Achilles Tendon Surgery for a Brain Trama Patient

by Leo
(Charlottsville, VA)

My 19 year old daughter had a car accident and received severe brain damage. As part of her recovery she had Achilles Tendon surgery to correct damage to the feet due to brain storming and toning.

Tendon lengthing surgery was ruled out because of heavy toning in the tendon. Cutting the achilles tendon in half was performed. However, the tendon remained as cut with a 4 inch gap between ends.


1. Could the tendon have been lengthened with some other approach?

2. What is her chance of walking with the tendon cut in half?

3. Is there aditional surgery that can be performed later to correct the tendon cutting?

Thanks in advance for your comments.


Joshua Answers:

Hi Leo.

Sorry to hear about the accident.

1. Could the tendon have been lengthen by any other means?

Well, they could have partially cut it, or done some chop and sew method to add more too it, but if there is neurological damage making the muscle fire hard nonstop, that's not necessarily a great option.

2. What is the chance of her walking with a totally severed tendon?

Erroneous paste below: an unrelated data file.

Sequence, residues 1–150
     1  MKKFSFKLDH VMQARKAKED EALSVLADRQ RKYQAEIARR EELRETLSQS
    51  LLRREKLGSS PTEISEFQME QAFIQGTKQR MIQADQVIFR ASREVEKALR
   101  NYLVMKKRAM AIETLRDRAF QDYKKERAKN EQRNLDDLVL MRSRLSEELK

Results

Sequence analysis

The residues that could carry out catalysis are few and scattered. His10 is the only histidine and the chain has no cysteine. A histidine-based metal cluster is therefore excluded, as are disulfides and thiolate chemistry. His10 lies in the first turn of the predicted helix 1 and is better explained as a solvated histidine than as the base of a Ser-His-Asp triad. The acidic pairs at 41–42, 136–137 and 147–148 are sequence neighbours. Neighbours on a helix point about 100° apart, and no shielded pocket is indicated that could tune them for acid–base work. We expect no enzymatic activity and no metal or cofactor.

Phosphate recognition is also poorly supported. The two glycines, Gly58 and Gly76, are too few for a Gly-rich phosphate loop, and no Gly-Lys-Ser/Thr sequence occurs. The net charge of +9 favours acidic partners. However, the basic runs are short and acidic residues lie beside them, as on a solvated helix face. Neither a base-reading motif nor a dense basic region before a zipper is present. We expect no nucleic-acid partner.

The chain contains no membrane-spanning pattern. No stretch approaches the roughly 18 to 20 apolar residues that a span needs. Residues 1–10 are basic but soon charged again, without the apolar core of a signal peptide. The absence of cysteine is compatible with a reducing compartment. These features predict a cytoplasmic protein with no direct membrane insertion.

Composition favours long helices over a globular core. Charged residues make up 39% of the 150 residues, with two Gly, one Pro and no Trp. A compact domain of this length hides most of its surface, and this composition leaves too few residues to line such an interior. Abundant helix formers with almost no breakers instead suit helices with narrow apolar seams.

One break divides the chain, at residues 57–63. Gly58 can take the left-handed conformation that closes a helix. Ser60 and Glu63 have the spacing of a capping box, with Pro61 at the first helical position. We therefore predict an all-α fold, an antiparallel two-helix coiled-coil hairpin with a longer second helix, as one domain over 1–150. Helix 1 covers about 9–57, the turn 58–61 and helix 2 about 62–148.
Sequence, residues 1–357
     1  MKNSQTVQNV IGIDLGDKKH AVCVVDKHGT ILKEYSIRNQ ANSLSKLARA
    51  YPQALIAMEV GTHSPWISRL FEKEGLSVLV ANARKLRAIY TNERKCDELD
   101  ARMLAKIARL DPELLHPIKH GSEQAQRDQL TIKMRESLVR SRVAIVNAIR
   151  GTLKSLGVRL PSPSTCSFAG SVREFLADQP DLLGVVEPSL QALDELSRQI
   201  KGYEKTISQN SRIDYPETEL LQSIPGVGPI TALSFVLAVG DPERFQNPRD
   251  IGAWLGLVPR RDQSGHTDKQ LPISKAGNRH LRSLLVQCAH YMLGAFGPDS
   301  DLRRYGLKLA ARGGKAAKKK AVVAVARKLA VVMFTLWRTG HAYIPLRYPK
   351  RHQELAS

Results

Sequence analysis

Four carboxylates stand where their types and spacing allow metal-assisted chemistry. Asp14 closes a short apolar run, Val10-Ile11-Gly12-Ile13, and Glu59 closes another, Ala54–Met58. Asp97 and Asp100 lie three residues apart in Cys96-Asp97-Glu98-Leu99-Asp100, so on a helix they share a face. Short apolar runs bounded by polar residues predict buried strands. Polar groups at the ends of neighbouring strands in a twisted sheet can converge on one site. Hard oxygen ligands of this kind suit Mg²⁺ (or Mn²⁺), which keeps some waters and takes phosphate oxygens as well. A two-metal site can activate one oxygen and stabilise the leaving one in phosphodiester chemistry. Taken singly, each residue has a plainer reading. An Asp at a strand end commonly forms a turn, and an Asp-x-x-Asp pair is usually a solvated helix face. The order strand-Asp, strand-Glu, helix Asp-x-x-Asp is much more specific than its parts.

Zero chance of walking. If the Achilles is unconnected, there's literally nothing to hold the foot/leg structure 'up'.

An Achilles Tendon Rupture is bad news without reattachment surgery.

From your surgeons' point of view, her leg is the least of her worries. I don't know the details, obviously, but if the signal from brain to leg is so out of whack that they thought they should sever the tendon...

Whether tendon separation was a good idea or not is debatable (because that muscle is firing whether the tendon is attached or not), but brain damage is far from my area of expertise, and I'll give the doctors the benefit of the doubt mostly because, again, the leg is likely the least of their current worries.

3. Yes, the tendon can be reattached later if the nerve signal gets back towards normal. The longer it's unattached the less likely that will happen very well. I'd absolutely look into The ARPwave System in that scenario.

Let me know if you have any other questions, and I'll answer as best I can.

Please reply using the comment link below. Do not submit a new submission to answer/reply, it's too hard for me to find where it's supposed to go.

And, comments have a 3,000 character limit so you may have to comment twice.

Joshua Tucker, B.A., C.M.T.
The Tendonitis Expert

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